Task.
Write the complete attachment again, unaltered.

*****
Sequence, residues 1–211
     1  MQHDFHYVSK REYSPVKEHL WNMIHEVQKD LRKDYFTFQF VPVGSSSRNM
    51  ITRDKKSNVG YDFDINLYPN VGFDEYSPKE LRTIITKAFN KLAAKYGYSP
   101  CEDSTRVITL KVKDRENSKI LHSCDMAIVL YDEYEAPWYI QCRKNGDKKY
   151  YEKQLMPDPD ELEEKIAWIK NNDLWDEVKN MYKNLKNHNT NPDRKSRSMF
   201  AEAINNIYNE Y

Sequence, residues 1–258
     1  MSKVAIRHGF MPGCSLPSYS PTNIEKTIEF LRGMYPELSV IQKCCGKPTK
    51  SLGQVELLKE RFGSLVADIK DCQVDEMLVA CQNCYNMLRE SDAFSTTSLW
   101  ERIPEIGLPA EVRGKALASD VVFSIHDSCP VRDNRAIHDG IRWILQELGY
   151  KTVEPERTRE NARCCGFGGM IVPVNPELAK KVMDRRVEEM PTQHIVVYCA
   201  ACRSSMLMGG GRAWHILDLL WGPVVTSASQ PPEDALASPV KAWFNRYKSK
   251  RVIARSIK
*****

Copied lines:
Sequence, residues 1–211
     1  MQHDFHYVSK REYSPVKEHL WNMIHEVQKD LRKDYFTFQF VPVGSSSRNM
    51  ITRDKKSNVG YDFDINLYPN VGFDEYSPKE LRTIITKAFN KLAAKYGYSP
   101  CEDSTRVITL KVKDRENSKI LHSCDMAIVL YDEYEAPWYI QCRKNGDKKY
   151  YEKQLMPDPD ELEEKIAWIK NNDLWDEVKN MYKNLKNHNT NPDRKSRSMF
   201  AEAINNIYNE Y

Sequence, residues 1–258
     1  MSKVAIRHGF MPGCSLPSYS PTNIEKTIEF LRGMYPELSV IQKCCGKPTK
    51  SLGQVELLKE RFGSLVADIK DCQVDEMLVA CQNCYNMLRE SDAFSTTSLW
   101  ERIPEIGLPA EVRGKALASD VVFSIHDSCP VRDNRAIHDG IRWILQELGY
   151  KTVEPERTRE NARCCGFGGM IVPVNPELAK KVMDRRVEEM PTQHIVVYCA
   201  ACRSSMLMGG GRAWHILDLL WGPVVTSASQ PPEDALASPV KAWFNRYKSK
   251  RVIARSIK